Joel Evans Hendricks


Born: 10 March 1818 in Hilltown, Bucks county, Pennsylvania, USA
Died: 8 June 1893 in Des Moines, Iowa, USA


The first puzzle with Joel E Hendricks is his middle name. We note that some sources give Hendricks middle name as Emanuel but this must be an error since his middle name is given as Evans in the 1892 list of members of the American Mathematical Society [8], as the author of Problem 238 in the 1890 volume of the Mathematical Visitor [9], and in the autobiographical note in The Mathematical Messenger [7]. He seems to have almost always given his name as Joel E Hendricks. It is also somewhat unclear exactly where he was born with most sources giving Bucks county which does not pin it down very precisely (see for example [2]). We assume that he was actually born on a farm so there may be no town or village to give as a birthplace. However, Hendricks himself in his autobiography [7] gives his place of birth as Berks County. We note that Bucks Co. and Berks Co. are both in Pennsylvania (and relatively close) but we have been unable to determine which is correct. His parents were William King Hendricks (1791-1862), the son of Henry Hendricks and Elizabeth Konig, and Catherine Moyer Detweiler. Joel, writing about is ancestors, states that "his family immigrated from Holland to New Jersey" so it appears that he was of Dutch ancestry. Joel had five siblings, Jacob, John, John F, Maria Anne "Mary", and Henry.

When Joel was two years old, in 1820, the family moved to Westmoreland County, Pennsylvania. Four years later, in 1824, when Joel was six years old, the Hendricks family moved from Westmoreland County to Columbiana county, Ohio, where they farmed the land. Joel lived on the Columbiana county farm until the autumn of 1836, by which time he was eighteen years old. During these years Joel and his brothers had worked alongside their father helping with the work on the farm. He had spent short periods of time at school but he reached the age of eighteen having received little more education than learning to read, write and count. Despite having little formal education, he showed himself quite expert in arithmetical calculations and developed a love of mathematics. In the autumn of 1836 he became a teacher and taught for a year in Ohio. In 1837 he obtained his father's permission to take on a two-year apprenticeship as a mill-wright in St Charles County, Missouri. However, he managed to agree a contract which allowed him not to work as an apprentice mill-wright during the winters so that he had time to be able to continue as a teacher.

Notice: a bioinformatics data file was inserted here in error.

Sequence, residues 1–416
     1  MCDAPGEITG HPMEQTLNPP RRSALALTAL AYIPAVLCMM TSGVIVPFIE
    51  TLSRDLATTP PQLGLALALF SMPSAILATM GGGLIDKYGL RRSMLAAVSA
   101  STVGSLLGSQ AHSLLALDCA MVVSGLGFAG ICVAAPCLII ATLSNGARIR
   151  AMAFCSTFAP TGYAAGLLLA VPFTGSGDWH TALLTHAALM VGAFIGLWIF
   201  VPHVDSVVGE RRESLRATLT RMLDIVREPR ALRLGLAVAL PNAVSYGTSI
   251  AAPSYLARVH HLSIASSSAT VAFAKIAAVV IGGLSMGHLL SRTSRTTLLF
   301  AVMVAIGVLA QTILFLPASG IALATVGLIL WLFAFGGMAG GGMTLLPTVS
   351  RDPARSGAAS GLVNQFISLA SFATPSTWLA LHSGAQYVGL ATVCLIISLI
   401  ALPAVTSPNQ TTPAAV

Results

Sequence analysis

The first winter of his apprenticeship, he was given time off as had been agreed to teach. It was on this occasion that luck played a part that led Hendricks to a different career. This luck was that, when teaching at this school, he came across two books that fascinated him. One was John Hamilton Moore's The New Practical Navigator and Daily Assistant and the other was Tobias Ostrander's The planetarium and astronomical calculator. John Hamilton Moore (1738-1807), born in Edinburgh, Scotland and educated in Ireland, had established a Nautical Academy in Brentford, Middlesex, England in 1770 and published his Practical Navigator two years later. The book, which was also published in the United States in 1799, ran to around 20 editions (the 20th being many years after Moore's death). The book contained many minor errors in the tables that it presented but, in many ways, this did not distract from its usefulness. Tobias Ostrander writes in the Preface of his book:-

In presenting the following pages to the public, I will briefly mark that the people generally are grossly ignorant in the important and engaging science of Astronomy. Scarcely one in a county is found capable of calculating with exactness and accuracy the time of an eclipse, or conjunction and opposition of the Sun and Moon. Is it for lack of abilities? No. - There are no people in the world who possess better natural faculties for acquiring knowledge of every description than those who inhabit the United States of America. ... I now present to this enlightened community a volume within the means of almost every person; containing all the essential parts of Astronomy ...